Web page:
5 things to know about the military's coronavirus response from Defense Secretary Mark Esper

Defense secretary on coronavirus response

In an exclusive interview with the "CBS Evening News," Secretary of Defense Mark Esper said governors will have the option of bringing in the National Guard to help enforce stay-at-home orders. Esper spoke to CBS News as more than 500 members of the military have tested positive for COVID-19, including at least 70 sailors on the USS Theodore Roosevelt.

Here are our top takeaways from the interview:

1.  Governors could use the National Guard to enforce stay-at-home orders

At least 270 million people across the country are under state-wide, county-wide or municipal stay-at-home orders to prevent the spread of the coronavirus. Esper did not rule out the possibility that the National Guard could be brought in to assist state governments in enforcing those directives.

"That would be an option for the governors," Esper said. "Again, the Guard is active in all 50 states and territories. … I'm very proud of what our Guardsmen are doing, but we have a whole lot more capacity out there in the Guard right now to do more."

2. "We are not at that point" of evacuating the USS Theodore Roosevelt

The commanding officer of the USS Theodore Roosevelt released a letter Tuesday pleading for help – at least 70 sailors on the ship have tested positive for COVID-19. Captain Brett Crozier said removing the majority of the more than 4,000 personnel on the aircraft carrier so that it could be sanitized is "a necessary risk."

We asked Secretary Esper if it was time to evacuate the ship. He told us, "I don't think we're at that point." Esper also said, "I am pleased to report that none of them are seriously ill."

3. Where the Army Corps of Engineers is looking to build additional hospitals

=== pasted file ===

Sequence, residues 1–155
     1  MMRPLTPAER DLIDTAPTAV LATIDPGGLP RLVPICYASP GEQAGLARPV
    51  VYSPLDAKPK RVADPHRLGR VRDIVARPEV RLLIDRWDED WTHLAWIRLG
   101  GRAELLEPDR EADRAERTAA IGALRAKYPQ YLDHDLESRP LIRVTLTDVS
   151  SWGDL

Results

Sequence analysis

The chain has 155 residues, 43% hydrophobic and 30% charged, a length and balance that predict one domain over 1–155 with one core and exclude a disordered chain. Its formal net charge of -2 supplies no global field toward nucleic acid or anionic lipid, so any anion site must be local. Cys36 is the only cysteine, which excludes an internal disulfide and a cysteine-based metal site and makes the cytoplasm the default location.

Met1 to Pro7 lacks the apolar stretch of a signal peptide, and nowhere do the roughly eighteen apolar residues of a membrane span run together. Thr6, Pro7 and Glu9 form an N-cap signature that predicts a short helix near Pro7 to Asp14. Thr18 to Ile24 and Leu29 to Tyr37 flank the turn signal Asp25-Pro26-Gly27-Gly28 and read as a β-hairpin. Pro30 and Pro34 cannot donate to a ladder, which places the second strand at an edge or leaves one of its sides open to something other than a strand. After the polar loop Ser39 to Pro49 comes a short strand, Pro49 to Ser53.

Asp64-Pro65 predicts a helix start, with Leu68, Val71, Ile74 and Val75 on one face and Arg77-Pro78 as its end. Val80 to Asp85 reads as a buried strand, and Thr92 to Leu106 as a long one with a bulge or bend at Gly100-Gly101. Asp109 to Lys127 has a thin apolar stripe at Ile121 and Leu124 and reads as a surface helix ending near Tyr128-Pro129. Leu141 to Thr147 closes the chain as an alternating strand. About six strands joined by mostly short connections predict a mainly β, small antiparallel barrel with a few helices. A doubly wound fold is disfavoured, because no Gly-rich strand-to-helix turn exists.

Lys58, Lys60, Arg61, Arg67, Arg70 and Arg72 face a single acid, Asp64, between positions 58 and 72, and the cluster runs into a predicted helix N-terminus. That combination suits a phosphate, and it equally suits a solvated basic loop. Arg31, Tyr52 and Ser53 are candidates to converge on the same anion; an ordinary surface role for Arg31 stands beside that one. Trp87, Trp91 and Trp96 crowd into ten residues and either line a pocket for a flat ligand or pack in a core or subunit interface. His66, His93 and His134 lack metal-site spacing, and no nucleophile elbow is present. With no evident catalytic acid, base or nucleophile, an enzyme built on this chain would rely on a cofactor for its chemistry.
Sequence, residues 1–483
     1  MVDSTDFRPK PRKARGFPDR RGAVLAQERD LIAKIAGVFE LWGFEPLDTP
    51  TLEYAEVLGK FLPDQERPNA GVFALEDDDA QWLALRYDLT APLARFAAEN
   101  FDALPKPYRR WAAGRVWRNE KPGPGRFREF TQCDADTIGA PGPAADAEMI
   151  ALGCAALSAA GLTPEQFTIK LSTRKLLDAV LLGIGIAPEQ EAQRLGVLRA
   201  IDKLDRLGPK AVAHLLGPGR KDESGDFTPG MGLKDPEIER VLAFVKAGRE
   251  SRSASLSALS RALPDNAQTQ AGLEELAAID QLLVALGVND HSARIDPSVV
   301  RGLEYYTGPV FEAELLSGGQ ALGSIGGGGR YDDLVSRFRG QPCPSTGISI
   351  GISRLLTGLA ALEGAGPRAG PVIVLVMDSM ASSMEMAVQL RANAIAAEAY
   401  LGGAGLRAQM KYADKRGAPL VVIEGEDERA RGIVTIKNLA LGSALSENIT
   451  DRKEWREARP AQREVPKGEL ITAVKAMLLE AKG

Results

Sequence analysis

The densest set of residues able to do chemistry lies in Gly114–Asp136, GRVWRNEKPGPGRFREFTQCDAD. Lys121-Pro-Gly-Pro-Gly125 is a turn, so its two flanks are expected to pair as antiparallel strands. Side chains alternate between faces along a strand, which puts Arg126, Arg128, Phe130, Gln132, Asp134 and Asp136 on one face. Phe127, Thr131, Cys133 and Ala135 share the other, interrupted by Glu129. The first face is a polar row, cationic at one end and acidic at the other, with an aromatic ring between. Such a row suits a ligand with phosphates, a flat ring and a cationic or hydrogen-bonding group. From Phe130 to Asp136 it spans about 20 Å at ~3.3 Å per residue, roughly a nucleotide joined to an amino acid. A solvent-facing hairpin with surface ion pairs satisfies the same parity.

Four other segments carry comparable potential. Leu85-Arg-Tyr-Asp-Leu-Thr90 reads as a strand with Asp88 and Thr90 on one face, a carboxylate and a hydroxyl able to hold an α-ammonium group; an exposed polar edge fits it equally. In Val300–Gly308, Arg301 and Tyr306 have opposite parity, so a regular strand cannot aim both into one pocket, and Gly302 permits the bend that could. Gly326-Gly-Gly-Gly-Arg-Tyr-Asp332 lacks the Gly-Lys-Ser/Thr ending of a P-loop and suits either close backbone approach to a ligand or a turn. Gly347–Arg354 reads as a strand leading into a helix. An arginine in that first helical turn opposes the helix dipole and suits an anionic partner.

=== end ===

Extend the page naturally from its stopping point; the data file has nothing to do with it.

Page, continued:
This week, the Army Corps of Engineers opened a temporary hospital in New York City's Javits Center. Secretary Esper told us they're in the process of determining where the next temporary hospitals will be. "They're looking at places such as Chicago, Dallas, New Orleans, other major cities where we see this cropping up," he said. "We're in very close contact with the states through both the Corps of Engineers through FEMA and I've talked to many governors myself to make sure that we are attuned to what their needs are."

4.  Esper: "I am not" concerned about military readiness

Two aircraft carriers in the Asia-Pacific region now have confirmed cases of COVID-19 – in addition to the Roosevelt, the USS Ronald Reagan has cases as well. Secretary Esper said despite this, he is not concerned about military readiness in the region.

"We have more than two carriers in the inventory," Esper told us. "We have a great alliance, network of allies and partners who work alongside us."

5. There is no evidence of adversaries taking advantage of crisis

As the military is called in to assist in the country's response to the coronavirus outbreak, Esper says he has not seen any evidence that foreign adversaries are taking advantage of the situation. "We find, tend to find right now that a lot of countries have turned inward and are focusing inward," he told us. 

"That doesn't mean we should be less vigilant – if anything, we're calling upon our armed forces deployed abroad … to make sure they remain vigilant and safeguard the country while we find ourselves turned inward right now to deal with this pandemic."